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Monogamy works- try it i dare you to


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#11
beltanebutch

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You go girl! It's all about being happy and trying not to judge other people for me. If you're a one box girl, you're a one box girl.

#12
Guest_jekessans_*

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I agree - monogamy works great. Besides, who wants to keep track for more than one woman and have more than one woman nagging at you and vice versa?

If you are poly - then you might as well beat yourself with a cat-o-nine-tails 'cause dealing with more than one relationship is much more painful.

Making a great relationship is a full-time job and participants don't need to be "moonlighting" on the side with others.

If you are poly - then basically you're not in a relationship at all because being in a "poly relationship" is an oxymoron! 8)

#13
SomethingElseToCallMyself

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A "poly relationship" is not, actually, an oxymoron.
Merrium-Webster defines a relationship as:

1: the state of being related or interrelated 2: the relation connecting or binding participants in a relationship: as a: kinship b: a specific instance or type of kinship3 a: a state of affairs existing between those having relations or dealings b: a romantic or passionate attachment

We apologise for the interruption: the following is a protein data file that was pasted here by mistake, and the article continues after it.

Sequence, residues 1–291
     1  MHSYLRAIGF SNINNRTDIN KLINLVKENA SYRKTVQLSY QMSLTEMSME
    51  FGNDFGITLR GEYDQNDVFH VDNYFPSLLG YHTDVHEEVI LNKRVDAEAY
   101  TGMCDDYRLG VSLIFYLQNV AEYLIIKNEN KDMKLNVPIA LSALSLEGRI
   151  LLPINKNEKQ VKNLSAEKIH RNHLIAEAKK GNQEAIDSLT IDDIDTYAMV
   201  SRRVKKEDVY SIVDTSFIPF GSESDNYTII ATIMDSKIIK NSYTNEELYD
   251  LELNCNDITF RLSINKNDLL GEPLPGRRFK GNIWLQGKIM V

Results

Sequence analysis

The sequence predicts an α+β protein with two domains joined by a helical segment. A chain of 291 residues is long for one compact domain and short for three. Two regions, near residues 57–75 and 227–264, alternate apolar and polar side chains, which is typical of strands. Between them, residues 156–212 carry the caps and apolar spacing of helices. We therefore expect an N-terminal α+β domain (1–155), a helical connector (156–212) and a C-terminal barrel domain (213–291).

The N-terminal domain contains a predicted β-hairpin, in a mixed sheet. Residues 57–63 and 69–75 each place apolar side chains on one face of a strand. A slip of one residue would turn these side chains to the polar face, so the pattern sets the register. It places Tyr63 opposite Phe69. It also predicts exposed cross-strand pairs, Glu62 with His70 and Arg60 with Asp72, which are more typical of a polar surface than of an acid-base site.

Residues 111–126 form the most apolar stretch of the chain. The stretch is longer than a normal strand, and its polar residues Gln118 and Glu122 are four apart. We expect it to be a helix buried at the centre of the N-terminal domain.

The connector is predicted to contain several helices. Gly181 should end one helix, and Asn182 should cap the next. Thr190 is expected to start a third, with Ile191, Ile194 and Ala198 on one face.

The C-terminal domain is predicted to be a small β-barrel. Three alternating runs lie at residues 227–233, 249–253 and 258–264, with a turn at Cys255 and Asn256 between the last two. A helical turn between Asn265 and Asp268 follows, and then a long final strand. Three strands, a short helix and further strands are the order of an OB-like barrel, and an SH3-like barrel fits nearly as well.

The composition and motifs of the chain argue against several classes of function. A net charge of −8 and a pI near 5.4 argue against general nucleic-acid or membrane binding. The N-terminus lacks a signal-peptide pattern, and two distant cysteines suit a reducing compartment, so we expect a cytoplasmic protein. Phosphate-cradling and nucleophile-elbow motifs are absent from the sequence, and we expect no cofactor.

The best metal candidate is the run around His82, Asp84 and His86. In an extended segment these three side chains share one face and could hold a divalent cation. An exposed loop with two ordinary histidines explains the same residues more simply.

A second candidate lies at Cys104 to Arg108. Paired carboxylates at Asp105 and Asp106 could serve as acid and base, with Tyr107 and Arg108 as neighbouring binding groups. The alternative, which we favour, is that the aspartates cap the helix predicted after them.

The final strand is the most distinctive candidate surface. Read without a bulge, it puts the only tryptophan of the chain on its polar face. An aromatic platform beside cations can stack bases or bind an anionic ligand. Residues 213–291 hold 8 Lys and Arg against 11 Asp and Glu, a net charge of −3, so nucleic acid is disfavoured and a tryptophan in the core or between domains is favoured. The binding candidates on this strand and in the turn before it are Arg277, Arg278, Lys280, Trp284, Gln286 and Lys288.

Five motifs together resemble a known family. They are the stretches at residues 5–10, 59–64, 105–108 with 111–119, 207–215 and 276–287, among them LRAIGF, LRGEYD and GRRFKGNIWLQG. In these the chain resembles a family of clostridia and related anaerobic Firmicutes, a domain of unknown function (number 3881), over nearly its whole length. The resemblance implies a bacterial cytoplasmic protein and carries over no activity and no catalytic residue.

Nowhere is there anything that would make "poly" in direct opposition to its definiton. Many poly folks take a lot of time an effort to make their primary and secondary relationships work, just as much as those who are in monogamous relationships. I don't understand why this would be painful if everyone is honest, communicates, and most importantly, everyone is indeed polyamorous by nature.
It comes down to this: There are people that are made to be polyamorous, and there are people that are made to be monogamous. Many people mention that polyamory tends to be a sign of immaturity, but I'd have to disagree. Commitment, whether it is to one person or two people or ten people, takes an immense amount of maturity.

#14
versa

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I have had poly leanings all along (I'm 29) and right now I'm trying to make two concurrent relationships with polar opposite women work. I can say that the hardest thing is trying to explain your partner how it isn't "legal cheating" or not having the courage to end the relationship and more like a sexual orientation. It's just not the easy path.

#15
Rural Technophile

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disclaimer: I have only been out of the closet for about seven months; I have never been in a relationship with a woman; I have never done more than kissed a woman and I've only done that twice in my entire 29 years of existence.

I am disease free and would like to be that way for the rest of my life. I'm a bit OCD, and have a lot of body issues stemming from childhood sexual abuse. I deal with my issues very well in my day to day but I find the idea of contracting an STD to be absolutely terrifying. Because of this, I find sex terrifying.